Hmmm, I've just been reading up a bit on TOR & I'm tempted to leave deploying it up to the OS (integration into network settings would be great!)... I'm not 100% sure whether or not the `torsocks` command would be enough to Torify Rhapsode, but Tor can certainly be configured as the system HTTPS proxy with Rhapsode respecting that!
Or you could mess with the DNS resolver to understand *.onion addresses? Could do this within Rhapsode but I think it'd be best done outside.
So the DNS is one form of sacrificing decentralization for human readability & uniqueness, whilst TOR Hidden Services (did:onion:*, *.onion) or IP addresses sacrafices human readability for decentralization & uniqueness.
That leaves me to implement some form "nicknames" to sacrifice uniqueness. Not entirely sure what that would involve here whilst ensuring sites link where they expect, but I doubt it's something I can offload to the OS where all internet apps can benefit... Thoughts?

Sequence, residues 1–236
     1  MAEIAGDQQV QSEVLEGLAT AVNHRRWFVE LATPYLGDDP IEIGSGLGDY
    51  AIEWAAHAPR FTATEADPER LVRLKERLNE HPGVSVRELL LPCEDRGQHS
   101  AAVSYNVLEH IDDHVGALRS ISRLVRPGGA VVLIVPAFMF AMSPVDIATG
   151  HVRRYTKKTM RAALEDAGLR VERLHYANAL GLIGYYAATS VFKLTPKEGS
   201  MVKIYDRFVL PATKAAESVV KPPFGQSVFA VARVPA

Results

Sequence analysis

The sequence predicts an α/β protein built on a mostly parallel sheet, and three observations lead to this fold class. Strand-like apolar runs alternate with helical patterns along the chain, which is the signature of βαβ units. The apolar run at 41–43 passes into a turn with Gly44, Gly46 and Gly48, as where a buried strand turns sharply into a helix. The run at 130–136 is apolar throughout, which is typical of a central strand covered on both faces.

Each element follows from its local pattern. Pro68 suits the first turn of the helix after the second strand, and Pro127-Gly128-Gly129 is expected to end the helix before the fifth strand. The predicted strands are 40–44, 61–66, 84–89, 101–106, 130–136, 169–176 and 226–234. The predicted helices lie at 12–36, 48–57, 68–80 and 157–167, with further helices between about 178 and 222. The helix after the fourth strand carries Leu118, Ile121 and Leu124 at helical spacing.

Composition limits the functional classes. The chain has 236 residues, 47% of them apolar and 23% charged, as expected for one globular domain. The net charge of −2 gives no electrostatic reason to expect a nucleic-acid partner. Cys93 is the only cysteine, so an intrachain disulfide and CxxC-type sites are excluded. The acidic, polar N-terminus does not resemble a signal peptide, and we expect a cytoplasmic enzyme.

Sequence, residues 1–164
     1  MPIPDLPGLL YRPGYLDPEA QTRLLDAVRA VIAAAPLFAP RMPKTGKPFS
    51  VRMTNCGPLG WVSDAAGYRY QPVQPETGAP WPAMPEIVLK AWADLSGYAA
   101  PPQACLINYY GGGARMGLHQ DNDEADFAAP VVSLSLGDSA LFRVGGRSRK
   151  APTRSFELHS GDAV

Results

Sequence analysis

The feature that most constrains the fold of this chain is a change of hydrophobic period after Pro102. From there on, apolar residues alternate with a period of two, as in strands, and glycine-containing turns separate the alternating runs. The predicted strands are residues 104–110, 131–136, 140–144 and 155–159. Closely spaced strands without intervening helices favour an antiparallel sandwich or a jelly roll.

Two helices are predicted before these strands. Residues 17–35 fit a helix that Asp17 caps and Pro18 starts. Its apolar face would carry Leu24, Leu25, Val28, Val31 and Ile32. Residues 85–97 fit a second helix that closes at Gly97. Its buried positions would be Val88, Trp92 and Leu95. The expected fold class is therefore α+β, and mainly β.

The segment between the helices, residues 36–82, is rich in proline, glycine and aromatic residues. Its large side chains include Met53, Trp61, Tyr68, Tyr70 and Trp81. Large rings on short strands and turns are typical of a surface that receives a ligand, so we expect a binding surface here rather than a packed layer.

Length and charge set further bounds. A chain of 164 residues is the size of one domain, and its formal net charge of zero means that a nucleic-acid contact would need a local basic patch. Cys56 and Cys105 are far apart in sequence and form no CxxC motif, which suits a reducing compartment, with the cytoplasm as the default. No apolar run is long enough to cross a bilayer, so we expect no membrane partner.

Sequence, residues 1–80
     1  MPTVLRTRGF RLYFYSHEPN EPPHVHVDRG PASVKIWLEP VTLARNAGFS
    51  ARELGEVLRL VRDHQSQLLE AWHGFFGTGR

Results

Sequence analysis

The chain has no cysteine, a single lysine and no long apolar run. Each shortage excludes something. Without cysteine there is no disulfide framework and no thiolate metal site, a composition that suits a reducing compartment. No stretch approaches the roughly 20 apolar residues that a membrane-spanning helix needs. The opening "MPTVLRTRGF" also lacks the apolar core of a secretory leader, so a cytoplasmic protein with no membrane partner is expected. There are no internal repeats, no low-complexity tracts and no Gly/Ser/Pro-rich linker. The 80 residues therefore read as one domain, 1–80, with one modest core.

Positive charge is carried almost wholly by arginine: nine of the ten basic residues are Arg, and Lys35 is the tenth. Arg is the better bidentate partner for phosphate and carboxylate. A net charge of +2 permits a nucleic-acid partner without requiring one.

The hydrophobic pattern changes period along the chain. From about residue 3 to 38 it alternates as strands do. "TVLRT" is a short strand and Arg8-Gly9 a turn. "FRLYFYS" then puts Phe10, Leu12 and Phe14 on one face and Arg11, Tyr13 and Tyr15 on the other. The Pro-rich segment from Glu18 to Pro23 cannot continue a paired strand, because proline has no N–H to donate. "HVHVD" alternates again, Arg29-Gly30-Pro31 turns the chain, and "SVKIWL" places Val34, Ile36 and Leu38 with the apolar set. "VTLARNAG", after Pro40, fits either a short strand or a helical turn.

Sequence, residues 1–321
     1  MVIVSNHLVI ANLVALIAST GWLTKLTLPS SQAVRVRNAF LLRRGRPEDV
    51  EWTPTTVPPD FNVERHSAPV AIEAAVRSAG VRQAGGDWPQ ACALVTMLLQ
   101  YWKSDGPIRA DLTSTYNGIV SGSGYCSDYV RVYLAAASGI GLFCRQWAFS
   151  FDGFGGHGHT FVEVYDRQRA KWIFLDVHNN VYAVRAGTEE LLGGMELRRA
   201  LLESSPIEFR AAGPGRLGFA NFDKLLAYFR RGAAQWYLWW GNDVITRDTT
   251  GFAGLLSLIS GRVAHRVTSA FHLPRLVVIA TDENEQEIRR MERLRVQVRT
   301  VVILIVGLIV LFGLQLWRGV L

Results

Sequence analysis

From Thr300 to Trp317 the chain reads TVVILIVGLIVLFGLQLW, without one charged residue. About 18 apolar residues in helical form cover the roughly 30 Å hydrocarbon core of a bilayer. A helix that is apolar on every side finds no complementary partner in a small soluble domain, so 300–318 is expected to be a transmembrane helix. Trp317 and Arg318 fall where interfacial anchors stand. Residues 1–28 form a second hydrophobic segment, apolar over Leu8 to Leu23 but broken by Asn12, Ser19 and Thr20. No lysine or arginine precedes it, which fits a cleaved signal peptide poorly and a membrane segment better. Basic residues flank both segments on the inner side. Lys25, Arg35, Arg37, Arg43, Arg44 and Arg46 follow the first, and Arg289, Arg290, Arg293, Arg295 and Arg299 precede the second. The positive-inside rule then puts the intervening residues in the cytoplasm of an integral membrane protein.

Implementing Tor opens up devices with operating systems that Tor doesn't support, but with the cost that maintaining the implementation becomes your responsibility. It's (apparently) not terribly difficult, but doing that for Rhapsode has less upside than, say, Hephaestus
@yaaps Yes, and it looks like complexity I could offload onto packagers: Rhapsode/Haphaestus *should* compose trivially with Tor's existing commandline tools. And they would need to package those commandline tools in some form anyways, unless I were to take on the burden of reimplementing Tor in Haskell!
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